Table 1‐1 Review of Systems (ROS): A systematic approach to ascertain mostly subjective symptoms associated with the different body systems.
General: Weight changes, malaise fatigue, night sweats Head: Headaches, tenderness, sinus problems Eyes: Changes in vision, photophobia, blurring, diplopia, spots, discharge Ears: Hearing changes, tinnitus, pain, discharge, vertigo Nose: Epistaxis, obstructions Throat: Hoarseness, soreness Respiratory: Chest pain, wheezing, dyspnea, cough, hemoptysis Cardiovascular: Chest pain, dyspnea, orthopnea (number of pillows needed to sleep comfortably), edema, claudication Dermatologic: Rashes, pruritus, lesions, skin cancer (epidermoid carcinoma, melanoma) Gastrointestinal: Changes in appetite, dysphagia, nausea, vomiting, hematemesis, indigestion, pain, diarrhea, constipation, melena, hematochezia, bloating, hemorrhoids, jaundice Genitourinary: Changes in urinary frequency or urgency, dysuria, hematuria, nocturia, incontinence, discharge, impotence Gynecologic: Menstrual changes (frequency, duration, flow, last menstrual period), dysmenorrhea, menopause Endocrine: Polyuria, polydipsia, polyphagia, temperature intolerance, pigmentations Musculoskeletal: Muscle and joint pain, deformities, joint swellings, spasms, changes in range of motion Hematologic: Easy bruising, epistaxis, spontaneous gingival bleeding, increased bleeding after trauma Lymphatic: Swollen or enlarged lymph nodes Neuropsychiatric: Syncope, seizures, weakness (unilateral and bilateral), changes in coordination, sensations, memory, mood, or sleep pattern, emotional disturbances, history of psychiatric therapy
- Past medical history (PMH) (may not have been revealed in systems review)—general health; immunizations; major adult illnesses; any surgical operations (date, reason, and outcome); medications (prescribed medications, over‐the‐counter medications, supplements) and home remedies; allergies.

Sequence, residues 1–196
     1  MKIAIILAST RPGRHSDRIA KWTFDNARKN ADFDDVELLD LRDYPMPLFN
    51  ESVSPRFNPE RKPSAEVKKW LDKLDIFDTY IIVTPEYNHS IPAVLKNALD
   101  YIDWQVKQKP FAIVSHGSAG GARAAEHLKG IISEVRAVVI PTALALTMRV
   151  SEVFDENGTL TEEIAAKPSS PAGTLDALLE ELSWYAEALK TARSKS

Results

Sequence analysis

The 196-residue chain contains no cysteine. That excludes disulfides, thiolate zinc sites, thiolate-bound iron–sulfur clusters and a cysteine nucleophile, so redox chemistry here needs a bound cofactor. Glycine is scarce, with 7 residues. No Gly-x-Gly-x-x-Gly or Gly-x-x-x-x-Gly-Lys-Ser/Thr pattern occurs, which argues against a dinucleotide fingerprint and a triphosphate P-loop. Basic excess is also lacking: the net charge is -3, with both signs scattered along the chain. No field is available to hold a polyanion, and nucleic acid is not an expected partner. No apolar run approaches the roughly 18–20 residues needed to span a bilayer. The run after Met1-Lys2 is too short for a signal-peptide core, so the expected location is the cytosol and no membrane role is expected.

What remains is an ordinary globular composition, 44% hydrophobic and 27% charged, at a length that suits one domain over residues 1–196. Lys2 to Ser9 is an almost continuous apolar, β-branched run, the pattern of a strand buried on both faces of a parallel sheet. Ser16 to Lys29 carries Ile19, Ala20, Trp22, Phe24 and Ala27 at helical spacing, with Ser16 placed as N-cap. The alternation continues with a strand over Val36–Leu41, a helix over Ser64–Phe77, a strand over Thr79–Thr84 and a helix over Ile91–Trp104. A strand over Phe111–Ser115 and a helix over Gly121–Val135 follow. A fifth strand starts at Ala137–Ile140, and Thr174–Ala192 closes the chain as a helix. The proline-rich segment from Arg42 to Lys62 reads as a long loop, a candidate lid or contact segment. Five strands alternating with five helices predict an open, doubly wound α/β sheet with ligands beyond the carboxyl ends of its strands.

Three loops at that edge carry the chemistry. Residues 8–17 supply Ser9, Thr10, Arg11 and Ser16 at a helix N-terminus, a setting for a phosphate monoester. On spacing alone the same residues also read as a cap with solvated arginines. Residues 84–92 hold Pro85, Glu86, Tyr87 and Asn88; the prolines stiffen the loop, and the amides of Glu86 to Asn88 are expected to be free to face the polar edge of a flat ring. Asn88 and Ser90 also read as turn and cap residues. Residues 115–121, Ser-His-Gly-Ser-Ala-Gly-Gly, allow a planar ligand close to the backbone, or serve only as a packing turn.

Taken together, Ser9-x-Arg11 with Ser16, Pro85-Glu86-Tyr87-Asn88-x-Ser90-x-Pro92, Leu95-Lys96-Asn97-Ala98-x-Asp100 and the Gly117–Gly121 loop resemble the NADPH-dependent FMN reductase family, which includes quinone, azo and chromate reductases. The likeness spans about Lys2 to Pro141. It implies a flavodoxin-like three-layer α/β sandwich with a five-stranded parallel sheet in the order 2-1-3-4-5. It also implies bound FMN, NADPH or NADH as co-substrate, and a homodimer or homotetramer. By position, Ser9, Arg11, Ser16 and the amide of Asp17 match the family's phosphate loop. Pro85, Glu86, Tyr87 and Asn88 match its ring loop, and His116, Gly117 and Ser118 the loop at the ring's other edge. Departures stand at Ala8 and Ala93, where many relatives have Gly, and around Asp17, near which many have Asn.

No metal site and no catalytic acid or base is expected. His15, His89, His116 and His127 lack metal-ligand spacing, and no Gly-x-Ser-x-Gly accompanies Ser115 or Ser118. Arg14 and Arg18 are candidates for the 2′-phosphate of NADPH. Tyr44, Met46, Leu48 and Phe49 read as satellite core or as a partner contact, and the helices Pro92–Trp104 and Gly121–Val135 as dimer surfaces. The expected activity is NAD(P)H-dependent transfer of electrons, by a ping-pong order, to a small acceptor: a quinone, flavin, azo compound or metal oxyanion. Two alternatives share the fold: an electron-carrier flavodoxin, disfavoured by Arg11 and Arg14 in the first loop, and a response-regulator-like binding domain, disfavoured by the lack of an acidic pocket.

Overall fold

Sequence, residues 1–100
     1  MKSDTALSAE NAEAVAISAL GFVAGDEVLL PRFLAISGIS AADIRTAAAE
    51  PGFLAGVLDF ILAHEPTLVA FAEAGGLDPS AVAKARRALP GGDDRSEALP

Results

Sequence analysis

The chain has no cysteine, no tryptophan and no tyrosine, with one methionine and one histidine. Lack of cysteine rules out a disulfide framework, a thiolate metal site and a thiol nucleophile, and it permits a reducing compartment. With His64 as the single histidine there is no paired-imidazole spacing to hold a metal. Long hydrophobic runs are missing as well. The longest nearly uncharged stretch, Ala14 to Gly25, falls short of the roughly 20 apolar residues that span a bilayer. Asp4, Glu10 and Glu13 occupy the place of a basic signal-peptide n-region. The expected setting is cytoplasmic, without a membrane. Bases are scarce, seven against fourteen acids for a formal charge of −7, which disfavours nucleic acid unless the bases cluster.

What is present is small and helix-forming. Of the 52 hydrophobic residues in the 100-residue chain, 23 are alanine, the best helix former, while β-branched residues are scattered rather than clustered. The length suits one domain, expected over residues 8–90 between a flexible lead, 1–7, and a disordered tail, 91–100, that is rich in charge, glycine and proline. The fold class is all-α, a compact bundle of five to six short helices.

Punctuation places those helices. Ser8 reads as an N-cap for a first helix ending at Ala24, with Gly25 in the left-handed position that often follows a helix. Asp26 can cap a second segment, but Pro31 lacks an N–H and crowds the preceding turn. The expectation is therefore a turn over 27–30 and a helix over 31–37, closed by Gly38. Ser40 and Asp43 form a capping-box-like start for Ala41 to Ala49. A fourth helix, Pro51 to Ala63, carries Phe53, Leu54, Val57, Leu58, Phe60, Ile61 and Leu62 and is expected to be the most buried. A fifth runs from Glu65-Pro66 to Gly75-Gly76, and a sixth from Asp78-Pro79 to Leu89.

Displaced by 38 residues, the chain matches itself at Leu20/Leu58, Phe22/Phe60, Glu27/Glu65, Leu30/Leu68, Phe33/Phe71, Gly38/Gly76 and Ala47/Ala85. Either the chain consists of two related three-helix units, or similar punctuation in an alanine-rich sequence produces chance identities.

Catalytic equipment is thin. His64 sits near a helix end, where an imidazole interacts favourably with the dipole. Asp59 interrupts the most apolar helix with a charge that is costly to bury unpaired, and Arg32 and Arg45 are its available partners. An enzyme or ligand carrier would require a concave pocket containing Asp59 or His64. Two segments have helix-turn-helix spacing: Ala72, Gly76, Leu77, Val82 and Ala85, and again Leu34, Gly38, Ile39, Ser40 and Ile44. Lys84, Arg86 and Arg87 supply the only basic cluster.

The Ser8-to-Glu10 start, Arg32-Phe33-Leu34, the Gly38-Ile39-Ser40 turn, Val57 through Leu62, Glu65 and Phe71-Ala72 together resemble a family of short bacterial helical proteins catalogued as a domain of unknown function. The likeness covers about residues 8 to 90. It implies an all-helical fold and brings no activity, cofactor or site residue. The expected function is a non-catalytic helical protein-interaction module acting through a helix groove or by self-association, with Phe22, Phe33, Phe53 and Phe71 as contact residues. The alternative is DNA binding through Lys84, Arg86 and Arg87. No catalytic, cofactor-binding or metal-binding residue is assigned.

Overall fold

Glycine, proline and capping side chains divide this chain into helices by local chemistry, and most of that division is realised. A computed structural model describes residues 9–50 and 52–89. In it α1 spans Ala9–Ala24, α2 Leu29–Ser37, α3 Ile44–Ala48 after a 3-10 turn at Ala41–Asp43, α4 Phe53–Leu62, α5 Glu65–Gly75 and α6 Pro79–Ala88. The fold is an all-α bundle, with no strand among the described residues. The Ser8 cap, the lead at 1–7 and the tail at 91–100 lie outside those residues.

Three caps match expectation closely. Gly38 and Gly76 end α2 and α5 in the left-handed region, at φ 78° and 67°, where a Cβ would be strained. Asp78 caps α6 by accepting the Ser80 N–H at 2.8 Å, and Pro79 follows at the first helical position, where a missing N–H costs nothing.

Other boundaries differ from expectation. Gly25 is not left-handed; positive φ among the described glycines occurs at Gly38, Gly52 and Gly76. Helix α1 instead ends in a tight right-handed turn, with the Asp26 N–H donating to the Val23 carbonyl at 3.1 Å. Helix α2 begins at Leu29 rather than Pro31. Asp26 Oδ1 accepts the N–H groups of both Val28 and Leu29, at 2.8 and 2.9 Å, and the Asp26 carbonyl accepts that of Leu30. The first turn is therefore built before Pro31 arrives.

- Personal and social history (SH)—birthplace; marital status; children; habits (tobacco use, alcohol use, recreational drug use); occupation; religion (if it may have an impact on therapy); sexual history if relevant to complaint.
- Family history (FH)—health or cause of death of parents, siblings, and children. The FH should also include diseases important to the patient’s chief compliant, including genetic disorders; and common diseases, such as cardiovascular diseases or diabetes mellitus.
The examination of the patient represents the second stage of the evaluation and assessment process. An established routine for examination decreases the possibility of missing important findings (signs).
A routine head and neck examination should be carried out at least annually or at each recall visit. This includes a thorough inspection (and when appropriate palpation, auscultation, or percussion) of the exposed surface structures of the head, neck, and face and a detailed examination of the oral cavity, dentition, oropharynx, and adnexal structures. Laboratory studies and additional special examination of other organ systems may be required for the evaluation of patients with orofacial pain, oral mucosal disease, or signs and symptoms suggestive of otorhinologic or salivary gland disorders, or signs or symptoms suggestive of a systemic etiology. A less comprehensive but equally thorough inspection of the face and oral and oropharyngeal mucosa< ?span Start cssStyle="text-decoration:line-through"?>e should be carried out at each visit and the tendency to focus on only the tooth or jaw quadrant in question should be strongly resisted.
Each visit should be initiated by a deliberate inspection of the entire face and oral cavity prior to intraoral examination. The importance of this approach in the early detection of head and neck cancer cannot be overstated (see Chapter 7, Oral and Oropharyngeal Cancer).